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We used to overturn rocks on the shore
and expose them to the belly of the sun.
I knew that some rocks should not be moved
but you picked them up to skip pebbles
and slice fountains in the sea
where they were lost
and you were satisfied
because yours had skipped the farthest
and the deepest
while mine grew steam in my palm.

Your hand in mine was sandpaper.
When you closed your fingers I was a bottled neck
with no wings flapping but the heartbeat
of one chipped stone against another.

In the ocean your rosary curls the foam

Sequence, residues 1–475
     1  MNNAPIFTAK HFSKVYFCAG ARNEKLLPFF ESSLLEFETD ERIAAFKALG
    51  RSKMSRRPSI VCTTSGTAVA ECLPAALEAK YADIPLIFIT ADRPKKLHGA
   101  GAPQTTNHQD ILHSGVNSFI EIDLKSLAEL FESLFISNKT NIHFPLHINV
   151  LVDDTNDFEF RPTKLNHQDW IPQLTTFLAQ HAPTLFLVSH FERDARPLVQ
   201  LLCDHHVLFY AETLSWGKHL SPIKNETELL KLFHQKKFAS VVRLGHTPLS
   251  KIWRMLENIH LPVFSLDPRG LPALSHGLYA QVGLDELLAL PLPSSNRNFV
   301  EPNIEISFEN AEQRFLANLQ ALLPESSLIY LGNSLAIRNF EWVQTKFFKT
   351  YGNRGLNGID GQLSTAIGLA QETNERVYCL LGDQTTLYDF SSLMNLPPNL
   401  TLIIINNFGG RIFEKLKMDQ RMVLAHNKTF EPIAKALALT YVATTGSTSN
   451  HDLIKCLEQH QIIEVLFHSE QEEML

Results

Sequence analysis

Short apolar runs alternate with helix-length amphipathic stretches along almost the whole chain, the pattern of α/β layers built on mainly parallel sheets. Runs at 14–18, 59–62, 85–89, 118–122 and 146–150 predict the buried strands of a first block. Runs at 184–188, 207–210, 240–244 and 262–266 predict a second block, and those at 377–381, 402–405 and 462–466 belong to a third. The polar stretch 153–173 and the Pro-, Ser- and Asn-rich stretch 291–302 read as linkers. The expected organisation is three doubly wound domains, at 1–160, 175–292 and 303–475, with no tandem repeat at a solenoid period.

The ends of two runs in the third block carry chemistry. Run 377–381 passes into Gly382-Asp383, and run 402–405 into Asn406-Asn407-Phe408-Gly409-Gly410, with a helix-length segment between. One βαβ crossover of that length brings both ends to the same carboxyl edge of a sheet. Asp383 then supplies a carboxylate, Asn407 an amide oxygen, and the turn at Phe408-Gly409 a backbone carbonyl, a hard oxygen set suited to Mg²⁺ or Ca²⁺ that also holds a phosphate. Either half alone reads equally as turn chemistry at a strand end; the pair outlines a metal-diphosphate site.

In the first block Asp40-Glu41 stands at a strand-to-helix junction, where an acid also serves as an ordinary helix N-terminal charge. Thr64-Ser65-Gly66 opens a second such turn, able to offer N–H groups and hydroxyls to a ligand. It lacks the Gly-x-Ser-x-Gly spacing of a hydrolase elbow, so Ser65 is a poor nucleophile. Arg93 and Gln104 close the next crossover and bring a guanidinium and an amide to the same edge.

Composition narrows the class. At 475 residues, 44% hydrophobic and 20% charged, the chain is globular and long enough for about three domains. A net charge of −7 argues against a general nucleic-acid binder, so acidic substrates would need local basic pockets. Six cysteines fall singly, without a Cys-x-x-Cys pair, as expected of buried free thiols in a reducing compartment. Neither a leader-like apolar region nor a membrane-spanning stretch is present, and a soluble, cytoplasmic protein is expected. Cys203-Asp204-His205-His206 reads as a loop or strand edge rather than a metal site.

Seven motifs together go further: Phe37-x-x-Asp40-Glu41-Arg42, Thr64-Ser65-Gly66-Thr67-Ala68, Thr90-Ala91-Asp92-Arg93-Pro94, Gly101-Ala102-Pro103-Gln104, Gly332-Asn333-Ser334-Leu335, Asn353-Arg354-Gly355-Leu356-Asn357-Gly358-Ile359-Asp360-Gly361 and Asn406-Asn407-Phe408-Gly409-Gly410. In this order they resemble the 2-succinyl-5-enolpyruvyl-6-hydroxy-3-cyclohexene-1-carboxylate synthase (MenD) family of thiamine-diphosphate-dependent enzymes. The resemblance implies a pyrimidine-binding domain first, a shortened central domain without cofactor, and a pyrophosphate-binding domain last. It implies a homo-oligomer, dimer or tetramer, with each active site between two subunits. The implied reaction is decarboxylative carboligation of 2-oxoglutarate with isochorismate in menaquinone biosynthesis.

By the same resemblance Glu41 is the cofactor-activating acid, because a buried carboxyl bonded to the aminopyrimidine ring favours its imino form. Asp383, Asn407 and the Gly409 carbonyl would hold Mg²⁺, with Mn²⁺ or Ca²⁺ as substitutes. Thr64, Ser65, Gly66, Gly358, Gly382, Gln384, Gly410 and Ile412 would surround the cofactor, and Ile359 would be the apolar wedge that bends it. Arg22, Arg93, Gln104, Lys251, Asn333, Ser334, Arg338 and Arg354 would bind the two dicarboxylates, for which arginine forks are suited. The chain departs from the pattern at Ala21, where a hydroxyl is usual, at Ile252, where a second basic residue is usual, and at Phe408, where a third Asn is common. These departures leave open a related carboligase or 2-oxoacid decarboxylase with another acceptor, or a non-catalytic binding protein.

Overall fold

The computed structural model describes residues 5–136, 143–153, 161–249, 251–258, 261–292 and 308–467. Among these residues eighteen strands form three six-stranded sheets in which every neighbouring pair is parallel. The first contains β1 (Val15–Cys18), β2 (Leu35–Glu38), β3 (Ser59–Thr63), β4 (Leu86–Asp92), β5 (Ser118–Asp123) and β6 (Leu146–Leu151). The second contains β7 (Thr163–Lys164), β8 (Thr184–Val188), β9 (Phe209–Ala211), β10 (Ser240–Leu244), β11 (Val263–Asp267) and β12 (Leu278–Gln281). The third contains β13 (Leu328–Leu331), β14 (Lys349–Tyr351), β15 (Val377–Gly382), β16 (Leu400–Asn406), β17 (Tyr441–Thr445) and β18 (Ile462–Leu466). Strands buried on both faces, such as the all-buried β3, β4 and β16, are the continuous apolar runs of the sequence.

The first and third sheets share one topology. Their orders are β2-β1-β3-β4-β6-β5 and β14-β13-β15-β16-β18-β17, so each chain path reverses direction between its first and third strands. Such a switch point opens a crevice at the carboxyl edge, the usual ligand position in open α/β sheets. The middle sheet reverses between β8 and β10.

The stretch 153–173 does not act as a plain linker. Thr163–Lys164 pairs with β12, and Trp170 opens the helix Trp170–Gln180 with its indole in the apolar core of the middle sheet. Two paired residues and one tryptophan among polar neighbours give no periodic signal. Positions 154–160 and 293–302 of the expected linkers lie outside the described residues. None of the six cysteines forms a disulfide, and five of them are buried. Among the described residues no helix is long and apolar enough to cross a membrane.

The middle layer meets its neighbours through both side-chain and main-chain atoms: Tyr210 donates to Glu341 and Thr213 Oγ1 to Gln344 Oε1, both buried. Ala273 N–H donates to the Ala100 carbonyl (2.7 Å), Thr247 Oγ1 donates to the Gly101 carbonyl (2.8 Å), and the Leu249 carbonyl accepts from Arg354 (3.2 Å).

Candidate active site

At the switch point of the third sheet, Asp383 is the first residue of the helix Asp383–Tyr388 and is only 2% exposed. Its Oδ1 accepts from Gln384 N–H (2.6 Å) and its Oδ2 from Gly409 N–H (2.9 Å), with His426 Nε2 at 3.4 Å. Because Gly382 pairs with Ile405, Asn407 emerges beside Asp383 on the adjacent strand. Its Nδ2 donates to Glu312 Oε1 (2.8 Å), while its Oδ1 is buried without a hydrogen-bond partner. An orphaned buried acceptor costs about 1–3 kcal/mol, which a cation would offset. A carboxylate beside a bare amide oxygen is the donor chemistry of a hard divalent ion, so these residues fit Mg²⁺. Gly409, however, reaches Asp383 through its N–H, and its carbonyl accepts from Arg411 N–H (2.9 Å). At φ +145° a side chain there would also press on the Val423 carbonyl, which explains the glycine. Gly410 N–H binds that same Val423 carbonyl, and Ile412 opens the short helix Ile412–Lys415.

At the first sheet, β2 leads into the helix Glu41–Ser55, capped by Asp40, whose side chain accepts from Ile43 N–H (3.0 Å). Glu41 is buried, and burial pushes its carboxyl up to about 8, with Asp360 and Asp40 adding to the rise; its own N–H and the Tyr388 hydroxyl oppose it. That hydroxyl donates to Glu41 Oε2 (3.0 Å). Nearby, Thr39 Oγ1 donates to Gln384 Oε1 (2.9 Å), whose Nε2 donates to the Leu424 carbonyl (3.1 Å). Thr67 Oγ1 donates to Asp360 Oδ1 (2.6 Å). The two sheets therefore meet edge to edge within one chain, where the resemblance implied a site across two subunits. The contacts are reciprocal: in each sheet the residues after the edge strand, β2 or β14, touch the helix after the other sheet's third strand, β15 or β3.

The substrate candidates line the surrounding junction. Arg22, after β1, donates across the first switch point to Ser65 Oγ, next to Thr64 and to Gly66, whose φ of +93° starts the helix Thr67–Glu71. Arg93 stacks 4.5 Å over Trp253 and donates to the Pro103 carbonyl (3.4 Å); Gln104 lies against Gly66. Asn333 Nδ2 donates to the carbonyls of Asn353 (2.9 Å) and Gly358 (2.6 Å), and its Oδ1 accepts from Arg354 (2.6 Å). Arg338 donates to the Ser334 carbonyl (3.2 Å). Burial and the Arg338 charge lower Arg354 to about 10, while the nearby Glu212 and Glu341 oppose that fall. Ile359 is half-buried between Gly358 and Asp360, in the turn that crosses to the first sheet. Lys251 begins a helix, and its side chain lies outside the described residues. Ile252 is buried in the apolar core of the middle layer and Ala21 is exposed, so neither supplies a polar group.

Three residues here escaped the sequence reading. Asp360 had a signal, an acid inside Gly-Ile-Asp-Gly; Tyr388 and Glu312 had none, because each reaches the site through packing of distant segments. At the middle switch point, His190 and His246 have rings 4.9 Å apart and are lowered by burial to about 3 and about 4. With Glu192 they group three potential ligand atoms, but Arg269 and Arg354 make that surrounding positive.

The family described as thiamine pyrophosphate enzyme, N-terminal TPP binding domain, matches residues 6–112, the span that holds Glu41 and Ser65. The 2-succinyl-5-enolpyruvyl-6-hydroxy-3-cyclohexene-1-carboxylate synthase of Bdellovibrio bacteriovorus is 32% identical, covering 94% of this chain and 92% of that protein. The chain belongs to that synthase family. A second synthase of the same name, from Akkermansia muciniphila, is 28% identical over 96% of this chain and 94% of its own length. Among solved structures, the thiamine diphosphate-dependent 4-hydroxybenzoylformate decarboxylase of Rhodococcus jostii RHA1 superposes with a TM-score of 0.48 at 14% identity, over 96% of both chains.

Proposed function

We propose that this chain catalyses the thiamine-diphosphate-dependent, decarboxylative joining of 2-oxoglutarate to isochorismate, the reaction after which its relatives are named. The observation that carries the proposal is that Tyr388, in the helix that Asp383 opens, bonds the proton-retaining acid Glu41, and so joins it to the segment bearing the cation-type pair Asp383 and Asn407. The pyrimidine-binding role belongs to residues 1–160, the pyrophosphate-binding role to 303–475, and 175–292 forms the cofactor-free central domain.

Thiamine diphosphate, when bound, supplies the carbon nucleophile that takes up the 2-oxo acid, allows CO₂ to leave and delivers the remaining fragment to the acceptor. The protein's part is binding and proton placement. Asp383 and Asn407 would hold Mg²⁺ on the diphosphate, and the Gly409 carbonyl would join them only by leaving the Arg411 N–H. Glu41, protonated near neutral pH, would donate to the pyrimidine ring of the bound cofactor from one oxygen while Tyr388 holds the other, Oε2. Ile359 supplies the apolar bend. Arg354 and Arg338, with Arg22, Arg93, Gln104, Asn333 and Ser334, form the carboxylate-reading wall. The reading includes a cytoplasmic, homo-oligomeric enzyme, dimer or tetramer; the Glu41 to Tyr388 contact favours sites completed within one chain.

and the stones fly all in pieces.
As the seaweed entwines your fingers, I wonder
if you walked alone as you promised
and if the water sipped your lips.

Under the blankets, my feet are wet.
In the moonlight footprints pause on the shore
as if, in leaping, you turned.  I imagine you found comfort
in the smaller hand that clung to yours,
in the transparent, almost unreal dress
that floated above her hair
then gave way, flattening against her legs
when you pushed her back.

Robin Dawn Hudechek

(First published in Blue Arc West: An Anthology
of California Poets
by Tebot Bach,
and in Ghost Walk, a chapbook)